We should adopt a long-term perspective, seek common ground while resolving differences, and work together to achieve sustained, sound, and steady development of our relations. I hope that through this visit, our two countries will advance the positive, cooperative, and comprehensive relationship, and open a new chapter in our cooperation as partners.
Our cooperation as partners should be based on mutual respect. We live in an increasingly diverse and colorful world. China and the United States should respect each other’s choice of development path and each other’s core interests. We should deepen mutual understanding through communication, increase mutual trust through dialogue, and expand common ground through exchanges.
Our cooperation as partners should be based on mutual benefit. China’s future and destiny are increasingly tied to those of the world and China-U.S. relations have become closer. Our two countries should seek to learn from each other through exchanges and achieve win-win progress through cooperation. This is the right approach for us to develop our relations.
Our cooperation as partners should be based on joint efforts to meet challenges. China and the United States should step up communication and coordination in international affairs, work together to counter the global challenges, and make a greater contribution to world peace and development.
Our cooperation as partners should be based on the extensive involvement of the people. The Chinese and American people cherish deep friendship towards each other, and they fought side by side at defining moments in history when the future and the destiny of mankind were at stake. The two peoples should extend exchanges and enhance friendship. This will offer a inexhaustible driving force for the growth of our relations.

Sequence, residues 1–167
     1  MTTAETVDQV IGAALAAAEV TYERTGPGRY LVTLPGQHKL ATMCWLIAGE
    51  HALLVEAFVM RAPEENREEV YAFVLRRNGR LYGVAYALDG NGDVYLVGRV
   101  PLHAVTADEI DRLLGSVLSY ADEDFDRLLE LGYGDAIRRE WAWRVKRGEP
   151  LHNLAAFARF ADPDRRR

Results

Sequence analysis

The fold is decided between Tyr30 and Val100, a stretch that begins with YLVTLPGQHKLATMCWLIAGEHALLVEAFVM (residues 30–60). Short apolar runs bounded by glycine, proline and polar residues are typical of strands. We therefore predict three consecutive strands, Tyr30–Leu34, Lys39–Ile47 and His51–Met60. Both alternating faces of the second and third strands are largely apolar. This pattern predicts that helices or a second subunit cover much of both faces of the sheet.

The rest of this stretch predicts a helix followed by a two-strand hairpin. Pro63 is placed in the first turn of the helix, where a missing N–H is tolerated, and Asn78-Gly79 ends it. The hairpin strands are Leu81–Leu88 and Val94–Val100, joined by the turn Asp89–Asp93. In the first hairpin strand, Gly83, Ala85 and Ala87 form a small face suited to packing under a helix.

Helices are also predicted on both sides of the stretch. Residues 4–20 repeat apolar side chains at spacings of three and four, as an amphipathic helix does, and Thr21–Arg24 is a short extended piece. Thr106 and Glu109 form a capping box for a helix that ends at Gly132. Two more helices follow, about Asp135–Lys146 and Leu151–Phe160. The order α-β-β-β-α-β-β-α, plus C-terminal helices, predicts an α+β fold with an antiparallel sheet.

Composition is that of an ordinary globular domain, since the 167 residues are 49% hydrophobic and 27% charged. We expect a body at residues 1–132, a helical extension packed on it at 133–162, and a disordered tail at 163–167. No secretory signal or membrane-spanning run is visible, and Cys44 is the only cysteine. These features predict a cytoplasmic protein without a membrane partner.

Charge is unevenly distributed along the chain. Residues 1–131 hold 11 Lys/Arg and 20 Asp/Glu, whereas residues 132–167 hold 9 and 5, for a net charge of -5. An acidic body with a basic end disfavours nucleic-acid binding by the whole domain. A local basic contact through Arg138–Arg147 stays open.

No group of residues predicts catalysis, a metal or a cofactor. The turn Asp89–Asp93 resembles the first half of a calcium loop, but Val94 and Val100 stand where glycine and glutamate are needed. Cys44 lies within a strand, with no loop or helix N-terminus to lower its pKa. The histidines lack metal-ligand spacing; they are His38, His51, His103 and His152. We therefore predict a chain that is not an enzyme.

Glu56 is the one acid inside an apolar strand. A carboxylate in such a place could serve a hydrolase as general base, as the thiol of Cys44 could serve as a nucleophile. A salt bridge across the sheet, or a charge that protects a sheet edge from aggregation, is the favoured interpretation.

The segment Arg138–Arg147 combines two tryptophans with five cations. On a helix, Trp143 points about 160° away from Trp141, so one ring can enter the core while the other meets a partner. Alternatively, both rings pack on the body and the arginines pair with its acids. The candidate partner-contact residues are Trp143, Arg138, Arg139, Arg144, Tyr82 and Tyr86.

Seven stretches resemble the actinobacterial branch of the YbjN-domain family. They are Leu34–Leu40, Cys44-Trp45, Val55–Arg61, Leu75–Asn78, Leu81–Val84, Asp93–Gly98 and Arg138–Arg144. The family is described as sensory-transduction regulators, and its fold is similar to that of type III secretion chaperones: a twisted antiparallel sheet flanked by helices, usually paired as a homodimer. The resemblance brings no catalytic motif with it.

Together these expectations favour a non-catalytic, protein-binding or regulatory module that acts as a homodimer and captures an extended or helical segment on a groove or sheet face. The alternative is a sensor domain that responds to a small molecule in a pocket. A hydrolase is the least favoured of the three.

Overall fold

Ladies and gentlemen, our world today is undergoing major development, major changes and major adjustments. To pursue peace, development and cooperation is the irresistible trend of our time. Let us seize the opportunity to forge ahead, hand in hand, and work together to enhance cooperation as partners, and let us work with all other countries to build a harmonious world of lasting peace and common prosperity.
Thank you once again, Mr. President, for your warm welcome. (Applause.)
PRESIDENT OBAMA: Thank you very much. Thank you.
9:38 A.M. EST
Barack Obama and Hu Jintao, Remarks at the Start of State Visit, January 2011 | Barack Obama and Hu Jintao, Press Conference, January 2011 | Remarks by President Obama and Premier Wen Jiabao of China before Bilateral Meeting September 2010 | President Obama meets with the Dalai Lama, February 2010 | Hu Jintao and Barack Obama, Remarks on Their Meetings and Joint Statement, November 2009 | US President Barack Obama at Shanghai Town Hall Meeting with Students, November 2009 | US President Barack Obama in Tokyo on American engagement in Asia, November 2009 | President Obama, "U.S./China Strategic and Economic Dialogue," July 2009 | Statements by President Obama on new ambassador to China, May 16, 2009 | Statements on the Obama-Hu Bilateral Meeting, April 2009 | Barack Obama, "Letter to the National Council of Textile Organizations," October 2008 |
Barack Obama and Hu Jintao, Remarks at the Start of State Visit, January 2011 | Barack Obama and Hu Jintao Press Conference, January 2011 | Hu Jintao and Barack Obama, Remarks on Their Meetings and Joint Statement, November 2009 | Statements on the Obama-Hu Bilateral Meeting, April 2009 | Steven Spielberg to Hu Jintao on Darfur, November 2007 | Steven Spielberg to Hu Jintao on Darfur, April 2007 | President Hu Jintao Meets U.S. President's Special Envoy James Baker, 2003 | Vice President Hu Jintao: Enhanced Mutual Understanding and Trust Towards a Constructive and Cooperative Relationship Between China and the United States, 2002 |
Ying Zhu looks at new developments for Chinese and global streaming services.
David Zweig examines China's talent recruitment efforts, particularly towards those scientists and engineers who left China for further study. U.S. universities, labs and companies have long brought in talent from China. Are such people still welcome?